That could have been avoided -- should have been, in fact. But once it looked like there was a security breach, the OIT did the right thing by going public with the news.
Now it's time to do something else right: Document everything.
Yes, that does sound pretty dull. But it would have avoided lots of the wrong kind of excitement. For those who haven't followed the story, on Feb. 15, the OIT announced that the Cain & Abel password-recovery tool had been discovered on a server during a security sweep. Cain & Abel has been used by attackers in the past, and OIT officials feared the worst. They notified the public, warned potential victims, called in the FBI and launched an investigation.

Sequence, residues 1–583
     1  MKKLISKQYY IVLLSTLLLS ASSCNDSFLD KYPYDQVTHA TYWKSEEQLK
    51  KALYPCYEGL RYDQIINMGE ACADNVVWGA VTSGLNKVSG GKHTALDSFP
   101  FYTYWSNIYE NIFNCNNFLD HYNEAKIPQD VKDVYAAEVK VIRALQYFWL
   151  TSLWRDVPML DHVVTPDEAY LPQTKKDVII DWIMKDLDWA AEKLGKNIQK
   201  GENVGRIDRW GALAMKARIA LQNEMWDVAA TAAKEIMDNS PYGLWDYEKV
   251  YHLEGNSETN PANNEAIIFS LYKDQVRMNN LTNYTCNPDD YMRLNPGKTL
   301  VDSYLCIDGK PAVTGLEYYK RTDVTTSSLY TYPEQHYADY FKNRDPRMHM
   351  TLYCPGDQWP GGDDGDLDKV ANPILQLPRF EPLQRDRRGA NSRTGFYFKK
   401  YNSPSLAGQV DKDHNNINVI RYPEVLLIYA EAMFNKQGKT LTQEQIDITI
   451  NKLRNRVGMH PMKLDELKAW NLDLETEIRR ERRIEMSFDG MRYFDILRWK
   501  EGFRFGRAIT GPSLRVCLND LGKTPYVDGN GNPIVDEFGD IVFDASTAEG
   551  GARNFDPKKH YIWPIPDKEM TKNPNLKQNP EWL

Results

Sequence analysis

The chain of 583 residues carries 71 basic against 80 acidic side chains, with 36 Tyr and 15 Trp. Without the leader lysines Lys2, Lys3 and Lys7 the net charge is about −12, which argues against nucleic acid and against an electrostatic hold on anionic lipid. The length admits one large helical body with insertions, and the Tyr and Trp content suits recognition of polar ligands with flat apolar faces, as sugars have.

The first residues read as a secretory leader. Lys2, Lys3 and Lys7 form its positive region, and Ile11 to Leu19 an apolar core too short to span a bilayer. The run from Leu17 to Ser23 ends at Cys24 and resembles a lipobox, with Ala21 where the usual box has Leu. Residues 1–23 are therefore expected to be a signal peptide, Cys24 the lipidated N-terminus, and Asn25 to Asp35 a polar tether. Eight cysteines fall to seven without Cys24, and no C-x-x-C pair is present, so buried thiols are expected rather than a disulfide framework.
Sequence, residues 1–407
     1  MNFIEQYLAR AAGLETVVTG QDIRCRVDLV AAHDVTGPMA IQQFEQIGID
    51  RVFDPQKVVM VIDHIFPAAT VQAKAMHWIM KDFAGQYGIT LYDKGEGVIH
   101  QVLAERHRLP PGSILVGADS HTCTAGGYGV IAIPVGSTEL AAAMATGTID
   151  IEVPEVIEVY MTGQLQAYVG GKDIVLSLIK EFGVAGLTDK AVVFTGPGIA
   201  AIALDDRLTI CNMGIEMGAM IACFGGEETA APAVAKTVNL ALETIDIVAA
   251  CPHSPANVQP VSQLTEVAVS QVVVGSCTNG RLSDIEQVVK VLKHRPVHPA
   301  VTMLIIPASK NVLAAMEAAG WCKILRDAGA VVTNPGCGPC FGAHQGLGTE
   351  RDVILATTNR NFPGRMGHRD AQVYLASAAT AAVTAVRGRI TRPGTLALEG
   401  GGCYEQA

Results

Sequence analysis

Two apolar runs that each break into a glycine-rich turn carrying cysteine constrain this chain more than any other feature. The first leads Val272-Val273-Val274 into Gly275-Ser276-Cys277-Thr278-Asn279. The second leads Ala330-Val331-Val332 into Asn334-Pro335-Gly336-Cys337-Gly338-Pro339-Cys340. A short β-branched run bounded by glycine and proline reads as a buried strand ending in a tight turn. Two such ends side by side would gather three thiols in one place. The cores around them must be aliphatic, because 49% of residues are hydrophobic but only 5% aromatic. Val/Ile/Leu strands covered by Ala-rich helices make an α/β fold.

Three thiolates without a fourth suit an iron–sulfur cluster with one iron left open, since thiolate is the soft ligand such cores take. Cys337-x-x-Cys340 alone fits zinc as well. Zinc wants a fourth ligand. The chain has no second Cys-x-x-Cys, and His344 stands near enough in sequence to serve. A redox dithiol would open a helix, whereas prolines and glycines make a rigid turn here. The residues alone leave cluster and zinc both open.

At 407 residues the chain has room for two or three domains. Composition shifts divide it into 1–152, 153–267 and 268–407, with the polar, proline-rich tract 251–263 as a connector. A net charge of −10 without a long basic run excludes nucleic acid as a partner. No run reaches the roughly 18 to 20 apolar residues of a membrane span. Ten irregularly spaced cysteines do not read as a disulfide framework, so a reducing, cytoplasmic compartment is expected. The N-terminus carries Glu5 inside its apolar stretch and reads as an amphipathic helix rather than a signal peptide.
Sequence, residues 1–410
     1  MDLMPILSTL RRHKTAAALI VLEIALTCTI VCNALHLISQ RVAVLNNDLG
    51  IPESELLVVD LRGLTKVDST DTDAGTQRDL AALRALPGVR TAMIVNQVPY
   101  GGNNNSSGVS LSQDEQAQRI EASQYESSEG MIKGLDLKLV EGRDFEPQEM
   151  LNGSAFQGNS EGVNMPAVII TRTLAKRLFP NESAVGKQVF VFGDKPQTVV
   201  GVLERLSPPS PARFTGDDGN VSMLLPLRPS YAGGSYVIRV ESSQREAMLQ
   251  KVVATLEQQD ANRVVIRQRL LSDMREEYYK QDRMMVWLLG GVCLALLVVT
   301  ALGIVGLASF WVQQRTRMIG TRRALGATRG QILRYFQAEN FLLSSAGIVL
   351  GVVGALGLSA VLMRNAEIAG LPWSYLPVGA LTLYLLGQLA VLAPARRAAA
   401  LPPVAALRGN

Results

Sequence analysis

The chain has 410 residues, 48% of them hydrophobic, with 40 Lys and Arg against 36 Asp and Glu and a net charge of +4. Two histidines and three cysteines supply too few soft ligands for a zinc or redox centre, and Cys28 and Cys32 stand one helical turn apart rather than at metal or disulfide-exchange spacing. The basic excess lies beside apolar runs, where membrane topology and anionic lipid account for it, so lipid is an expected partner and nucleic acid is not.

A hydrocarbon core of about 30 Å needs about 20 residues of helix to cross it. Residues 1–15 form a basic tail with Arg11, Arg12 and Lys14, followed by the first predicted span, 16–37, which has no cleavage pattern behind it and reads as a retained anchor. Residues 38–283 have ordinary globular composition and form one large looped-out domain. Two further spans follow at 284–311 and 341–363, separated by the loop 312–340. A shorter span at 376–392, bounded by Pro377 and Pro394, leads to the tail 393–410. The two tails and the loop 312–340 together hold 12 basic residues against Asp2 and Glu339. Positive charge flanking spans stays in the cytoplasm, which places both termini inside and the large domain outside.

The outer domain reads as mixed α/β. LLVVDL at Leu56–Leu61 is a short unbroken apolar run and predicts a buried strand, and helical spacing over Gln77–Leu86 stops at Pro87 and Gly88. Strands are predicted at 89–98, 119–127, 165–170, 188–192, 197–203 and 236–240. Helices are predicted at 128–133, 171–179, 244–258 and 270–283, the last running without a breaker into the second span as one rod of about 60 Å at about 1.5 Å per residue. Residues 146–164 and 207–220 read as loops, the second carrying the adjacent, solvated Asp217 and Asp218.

They also reportedly placed OIT employee Douglas A. Oliver on leave. He later told Computerworld that he'd installed Cain & Abel as part of a security test. Oliver said last week that he has been cleared to return to work April 25.
According to Oliver, in early February, OIT security testers using Cain & Abel and other tools discovered a slew of problems on state servers: DNS cache poisoning, unencrypted administrative password files, still-active accounts for ex-employees and a SQL Slammer worm infestation.